What does it mean to have a LEED-certified house? Many things, actually. The acronym LEED, which stands for Leadership in Energy and Environmental Design, implies that a house was built using environmental-friendly practices. What benefits can you get from having your home built under LEED standards? Plenty. One of them is less energy and water consumption, saving you money in the long run. Other advantages include improved indoor air quality, reduced stormwater runoff, and enhanced community image. But that’s just the tip of the iceberg. In this blog post, you’re going to learn everything there is to know about LEED-certified homes.
A Short History on LEED
With global warming and climate change threatening the planet, humans had to do something. So the concept of LEED was introduced by the USGBC (United States Green Building Council in the 1990s in an effort to reduce both energy and water consumption and create healthier and safer living conditions for everyone. LEED revolves around the idea of putting up definite criteria and standards for building structures that will have minimal detrimental effects on the environment.
The LEED Building Areas
The latest version of LEED has raised the bar for its four main categories. Each one contains a specific set of criteria that needs to be met before qualifying for any level of certification. The categories include:
- Building Design and Construction: Strong focus on sustainable development, mitigation of greenhouse gases, reduction in construction waste materials.
- Interior Design and Construction: Tackles energy-efficient features, water use reduction, and reduction in indoor air pollutants.
- Operations and Maintenance: Addresses the resource consumption of operating systems and the use of recycled materials and recycling programs.
- Residential: Involved with the certification process for residential projects to help maintain safe, pollution-free, and energy-efficient neighborhoods.
These areas are further broken down into four certification levels, including Certified: 49 points, Silver: 50 – 59 points, Gold: 60 – 79 points, and Platinum: 80+ points. The more LEED standard the home has ticked off, the more points will be awarded.
The LEED Certification Credit Categories
Homes applying for LEED certification are awarded points according to how the building was built in compliance with these categories:
- Materials and resources: Using environment-friendly materials while producing as little waste as possible in the process.
- Energy: Using alternative energy sources, such as solar power or proving the building’s power consumption can be sustained by renewable sources.
- Indoor environmental quality: Creating healthy interiors, including using low-emitting paints, furniture made from recycled material, and good ventilation to increase indoor air quality.
- Water efficiency: Installing water-efficient fixtures and appliances, as well as maintaining the building’s water quality.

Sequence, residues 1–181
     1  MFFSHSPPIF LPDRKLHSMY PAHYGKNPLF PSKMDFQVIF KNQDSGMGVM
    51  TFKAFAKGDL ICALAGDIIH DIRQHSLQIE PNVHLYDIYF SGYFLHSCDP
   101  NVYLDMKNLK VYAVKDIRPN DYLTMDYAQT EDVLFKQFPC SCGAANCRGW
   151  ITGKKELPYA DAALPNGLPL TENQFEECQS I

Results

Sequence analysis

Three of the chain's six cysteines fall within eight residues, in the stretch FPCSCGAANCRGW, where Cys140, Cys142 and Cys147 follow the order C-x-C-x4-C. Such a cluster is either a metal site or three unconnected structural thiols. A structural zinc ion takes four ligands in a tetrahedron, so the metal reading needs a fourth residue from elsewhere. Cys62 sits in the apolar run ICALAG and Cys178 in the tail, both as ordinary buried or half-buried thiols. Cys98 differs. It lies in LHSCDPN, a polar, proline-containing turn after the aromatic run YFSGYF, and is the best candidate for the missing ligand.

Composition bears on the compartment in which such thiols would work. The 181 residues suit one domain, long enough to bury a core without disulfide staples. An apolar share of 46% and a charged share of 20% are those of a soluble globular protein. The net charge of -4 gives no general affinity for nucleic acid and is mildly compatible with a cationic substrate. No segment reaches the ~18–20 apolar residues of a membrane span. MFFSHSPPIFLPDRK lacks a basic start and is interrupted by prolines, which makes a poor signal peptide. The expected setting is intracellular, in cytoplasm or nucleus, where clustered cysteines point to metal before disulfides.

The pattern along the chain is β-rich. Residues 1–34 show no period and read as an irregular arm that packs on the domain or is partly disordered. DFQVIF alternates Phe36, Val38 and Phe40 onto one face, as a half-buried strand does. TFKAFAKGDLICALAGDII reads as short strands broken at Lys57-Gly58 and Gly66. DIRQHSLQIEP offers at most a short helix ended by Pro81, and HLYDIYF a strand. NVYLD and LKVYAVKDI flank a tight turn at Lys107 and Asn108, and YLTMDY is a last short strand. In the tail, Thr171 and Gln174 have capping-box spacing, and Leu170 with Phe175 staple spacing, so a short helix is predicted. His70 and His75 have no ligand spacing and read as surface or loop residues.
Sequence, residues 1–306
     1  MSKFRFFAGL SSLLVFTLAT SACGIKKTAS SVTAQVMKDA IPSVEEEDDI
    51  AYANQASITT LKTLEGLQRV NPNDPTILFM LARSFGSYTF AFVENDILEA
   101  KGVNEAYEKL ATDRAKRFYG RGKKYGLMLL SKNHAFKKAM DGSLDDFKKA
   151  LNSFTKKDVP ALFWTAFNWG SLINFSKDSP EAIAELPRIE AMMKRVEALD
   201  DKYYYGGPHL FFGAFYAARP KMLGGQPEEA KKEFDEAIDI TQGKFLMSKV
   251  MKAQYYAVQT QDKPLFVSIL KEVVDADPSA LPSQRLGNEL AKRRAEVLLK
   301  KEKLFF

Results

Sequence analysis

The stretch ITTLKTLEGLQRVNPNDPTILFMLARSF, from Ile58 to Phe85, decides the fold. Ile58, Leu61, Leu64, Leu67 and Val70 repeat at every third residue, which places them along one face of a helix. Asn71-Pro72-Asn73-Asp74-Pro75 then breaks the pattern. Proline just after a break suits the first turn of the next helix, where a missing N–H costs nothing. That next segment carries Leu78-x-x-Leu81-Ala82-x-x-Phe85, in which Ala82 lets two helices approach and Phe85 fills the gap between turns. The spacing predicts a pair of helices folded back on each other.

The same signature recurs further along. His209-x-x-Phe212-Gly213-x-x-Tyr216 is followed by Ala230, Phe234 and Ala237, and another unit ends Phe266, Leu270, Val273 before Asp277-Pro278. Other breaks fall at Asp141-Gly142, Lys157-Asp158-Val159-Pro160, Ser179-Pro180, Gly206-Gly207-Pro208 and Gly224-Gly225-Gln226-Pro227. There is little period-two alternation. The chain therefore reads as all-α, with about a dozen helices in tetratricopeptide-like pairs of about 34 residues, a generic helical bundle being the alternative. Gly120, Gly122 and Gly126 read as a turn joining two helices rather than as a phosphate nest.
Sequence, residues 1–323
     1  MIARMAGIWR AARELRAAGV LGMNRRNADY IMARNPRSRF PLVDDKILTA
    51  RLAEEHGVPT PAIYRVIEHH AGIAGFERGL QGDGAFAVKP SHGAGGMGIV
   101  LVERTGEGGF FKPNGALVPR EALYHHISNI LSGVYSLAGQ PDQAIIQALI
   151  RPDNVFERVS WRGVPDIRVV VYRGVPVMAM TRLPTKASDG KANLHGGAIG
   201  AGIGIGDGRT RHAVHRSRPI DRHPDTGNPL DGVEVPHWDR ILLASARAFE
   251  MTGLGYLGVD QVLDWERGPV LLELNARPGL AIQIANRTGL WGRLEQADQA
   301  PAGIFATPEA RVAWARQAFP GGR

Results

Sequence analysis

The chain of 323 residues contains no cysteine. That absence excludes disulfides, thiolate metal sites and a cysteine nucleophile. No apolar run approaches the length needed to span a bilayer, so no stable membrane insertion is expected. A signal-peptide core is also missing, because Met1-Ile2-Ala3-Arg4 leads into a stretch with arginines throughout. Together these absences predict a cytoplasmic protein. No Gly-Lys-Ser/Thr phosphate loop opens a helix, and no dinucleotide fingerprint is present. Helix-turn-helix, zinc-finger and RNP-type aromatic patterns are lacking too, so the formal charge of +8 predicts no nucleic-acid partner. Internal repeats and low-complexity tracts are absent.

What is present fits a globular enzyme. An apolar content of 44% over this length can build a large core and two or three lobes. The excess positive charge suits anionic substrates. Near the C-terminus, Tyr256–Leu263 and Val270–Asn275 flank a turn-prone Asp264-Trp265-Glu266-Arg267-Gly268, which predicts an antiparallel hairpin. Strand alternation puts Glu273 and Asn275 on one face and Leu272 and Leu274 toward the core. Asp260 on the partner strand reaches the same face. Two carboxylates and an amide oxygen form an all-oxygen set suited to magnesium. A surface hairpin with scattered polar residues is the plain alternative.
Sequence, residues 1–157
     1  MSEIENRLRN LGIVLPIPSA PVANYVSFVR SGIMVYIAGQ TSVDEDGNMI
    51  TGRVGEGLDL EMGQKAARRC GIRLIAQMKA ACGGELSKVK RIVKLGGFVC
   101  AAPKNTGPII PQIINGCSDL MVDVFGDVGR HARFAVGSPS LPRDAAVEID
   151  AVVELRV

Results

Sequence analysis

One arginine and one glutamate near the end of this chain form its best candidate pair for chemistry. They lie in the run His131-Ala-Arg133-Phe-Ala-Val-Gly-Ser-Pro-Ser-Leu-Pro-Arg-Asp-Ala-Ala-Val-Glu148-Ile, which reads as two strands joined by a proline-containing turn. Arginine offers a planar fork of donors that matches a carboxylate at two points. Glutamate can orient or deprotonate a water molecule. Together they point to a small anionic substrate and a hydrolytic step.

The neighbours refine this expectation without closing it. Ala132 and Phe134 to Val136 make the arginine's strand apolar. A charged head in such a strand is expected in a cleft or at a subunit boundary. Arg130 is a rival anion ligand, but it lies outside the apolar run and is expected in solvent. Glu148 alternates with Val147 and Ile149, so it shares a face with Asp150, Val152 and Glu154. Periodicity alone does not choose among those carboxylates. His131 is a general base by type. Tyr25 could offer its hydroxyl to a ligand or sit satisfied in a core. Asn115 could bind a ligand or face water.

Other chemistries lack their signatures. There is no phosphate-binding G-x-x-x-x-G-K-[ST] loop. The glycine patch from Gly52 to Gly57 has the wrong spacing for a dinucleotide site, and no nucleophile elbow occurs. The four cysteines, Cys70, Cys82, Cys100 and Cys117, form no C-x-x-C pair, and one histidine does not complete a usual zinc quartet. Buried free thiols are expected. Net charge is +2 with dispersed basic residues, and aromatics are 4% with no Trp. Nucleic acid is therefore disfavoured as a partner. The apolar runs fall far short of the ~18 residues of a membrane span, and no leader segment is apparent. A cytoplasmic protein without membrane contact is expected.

- Sustainable Sites: Using native plants for landscaping and incorporating energy-efficient features in the overall design.
- Innovation: Any new concept not limited to the categories above.
The Benefits of a LEED Certified Home
Alright. So LEED is the trend nowadays. But for what reasons should you get your certification exactly? For starters, a LEED-certified home is going to have lower utility bills. That’s because it uses up less energy and water, as mentioned earlier. Other benefits include:
- Reduced carbon footprint: With the necessities of heating, cooling, and lighting all taken care of by a LEED-certified home, you’re contributing to the survival of the Earth for future generations.
- Fresh Air: LEED homes are specifically built to have proper ventilation. This means you will be able to breathe clean, healthy air, instead of polluted fumes from automobiles and other sources.
- Increased resale value: Real estate experts say that energy-efficient homes racked up a higher value than their non-certified counterparts. This is because they’re built to last while improving quality of life, which many people are willing to pay for.
- Increased Savings: With the money you save on bills, you could invest in a better future. You can even use the extra money to support environmental campaigns.
- Less stress: Thanks to the healthier environment and reduced bills, you can enjoy life to the fullest and ultimately increase your productivity.
LEED Certification Process
Getting your home LEED-certified is a process that requires patience. However, keep in mind that it’s all going to be worth it in the end. Here’s a step-by-step guide on how you can get yours certified:
- Register your project at LEED Online and choose the LEED for Homes category.
- Meet with the verification team onsite.
- Determine the specific goals you want your home/building to achieve and what LEED point categories you’ll want to earn. Make sure these are measurable so that when it comes time to track whether or not they’ve been achieved.
- Fill out your documentation and get your project reviewed by a professional LEED rater.
- Wait for the Green Business Certification INC to review your application. It usually takes them 25 – 30 business days before getting back to you. They will assign your certification according to the target categories your building has met.
- Once you’ve been certified, make sure to hang on to your documentation and all the paperwork. This is important in case any of this information ever needs to be referenced again.
- And done! Congratulations!
The Bottom Line
LEED homes are the trend for a reason. It might seem like a load of hassle and paperwork at first, but it’s actually for the good of your home and family. Be sure to contact the right people when constructing your home for the first time to avoid any regrets. Best of luck!